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With the new Olympic discipline of mixed doubles playing a leading role in helping the sport widen its appeal, British Curling’s wheelchair athletes are being given the chance to play their part in that campaign.

The two players per team, mixed gender format has shown the potential to be curling’s answer to T20 cricket and seven-a-side rugby, by offering audiences a fast and furious version of the sport with shorter ends and matches, along with the guarantee of lots of stones in play.

Introduced to the Winter Olympics for the first time at PyeongChang in 2018, it is growing in popularity and British Curling’s Olympic programme athletes have consequently changed their training regimes this season to develop new partnerships and skills. 

The mixed doubles format is yet to be introduced to the Paralympic programme, but with the World Curling Federation targeting its inclusion at the 2026 Games in Italy, British Curling is keen to seize upon the opportunity to help popularise every aspect of the sport. The NCA Wheelchair Doubles Training Tournament is consequently taking place this weekend, involving all those currently in the national wheelchair curling squad, innovatively supplemented by able-bodied players from British Curling’s performance foundation programme who are keen to take the chance to gain further doubles experience.

“We got back on the ice in September, around a month after the Olympic programme returned to action because of the additional protocols that obviously had to be put in place to minimise the risk to wheelchair athletes and our training has been going well,” explained British Curling’s Paralympic Head Coach Sheila Swan.

“We don’t have the same number of players, so setting up the sort of competitions that the Olympic programme has been able to stage in recent months was not possible, but doubles gives us that opportunity and as an exciting new version of the sport, its introduction offers an exciting extra element.

“We are also very fortunate to be able to draw upon additional athletes from our Olympic performance foundation programme who have volunteered to take part in this event alongside our wheelchair athletes, which will add an extra twist to this training competition.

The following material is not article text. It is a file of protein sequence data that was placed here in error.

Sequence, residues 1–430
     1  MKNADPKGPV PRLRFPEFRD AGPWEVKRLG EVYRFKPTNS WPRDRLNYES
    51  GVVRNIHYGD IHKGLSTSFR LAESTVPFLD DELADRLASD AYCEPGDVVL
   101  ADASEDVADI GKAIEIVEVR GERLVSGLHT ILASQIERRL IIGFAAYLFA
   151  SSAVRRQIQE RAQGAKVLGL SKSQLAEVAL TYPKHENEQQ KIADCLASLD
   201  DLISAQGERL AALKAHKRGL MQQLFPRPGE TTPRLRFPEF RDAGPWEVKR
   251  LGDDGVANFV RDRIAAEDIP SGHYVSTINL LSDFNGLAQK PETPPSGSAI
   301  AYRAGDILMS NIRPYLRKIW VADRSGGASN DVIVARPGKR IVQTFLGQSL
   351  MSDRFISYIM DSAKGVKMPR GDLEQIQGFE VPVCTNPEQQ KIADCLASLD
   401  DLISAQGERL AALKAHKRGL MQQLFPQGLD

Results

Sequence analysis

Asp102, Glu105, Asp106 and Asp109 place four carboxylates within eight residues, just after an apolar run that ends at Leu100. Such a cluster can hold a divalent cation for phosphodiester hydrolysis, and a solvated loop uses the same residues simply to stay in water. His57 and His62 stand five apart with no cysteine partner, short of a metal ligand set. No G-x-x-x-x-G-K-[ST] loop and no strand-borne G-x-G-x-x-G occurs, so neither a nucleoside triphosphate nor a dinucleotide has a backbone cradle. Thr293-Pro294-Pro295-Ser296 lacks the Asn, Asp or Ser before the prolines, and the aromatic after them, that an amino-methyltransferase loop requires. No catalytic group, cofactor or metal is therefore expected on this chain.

“The gender balance in wheelchair curling is such that this will not be exclusively a mixed doubles event, but we are adopting the mixed doubles format and involving players involved in our Paralympic squad to ensure that everyone gets the chance to experience this style of play.” 

The opportunity is being embraced by the players who are looking forward to the opportunity to examine the benefits of the physical and technical work they have done this season, within a competitive environment.

“After the hard work and training we’ve been putting in during the lockdown and watching the Olympic squads competing in their mixed doubles competitions, trying to learn from it, I am so excited to be able to get some competition with our doubles competition,” said Paralympic squad member Gary Smith.

“It can only benefit us looking to the year ahead with hopefully the world championships later in the year and the 2022 Paralympics in Beijing now on the horizon.

“Thanks must go to British Curling enabling these training competitions to go ahead in a safe environment during these difficult times. Hopefully when the big competitions take place these events will help give us the edge with the preparation we have had.”

The four team training competition gets underway tomorrow afternoon (February 25) at the National Curling Academy in Stirling and will continue to Saturday on a round-robin basis with every team playing one another twice.


Meggan Dawson-Farrell (Tullibody) 
Gregor Ewan (Elgin)
Charlotte McKenna (Bridge of Allan)
David Melrose (Duns)
Hugh Nibloe (Stranraer)
Gary Smith (Edinburgh)


Katie McMillan
Nicola Joiner
Kirstin Bousie
Blair Haswell
Mark Watt
Niall Ryder

The event and new guidelines:

  • The return to training and the internal competition at the NCA follows approval from the Scottish Government /sportscotland and includes specific protocols such as daily medical monitoring for all athletes and staff, venue specific changes, cleaning and sanitising routines.
  • British curling notes the latest restrictions introduced as a result of COVID and has ensured that the approach to the internal competition and ongoing training thereafter complies fully and athletes and staff have been fully briefed on the latest guidance and their responsibilities as a result.

Images: © PPA Graeme Hart. 

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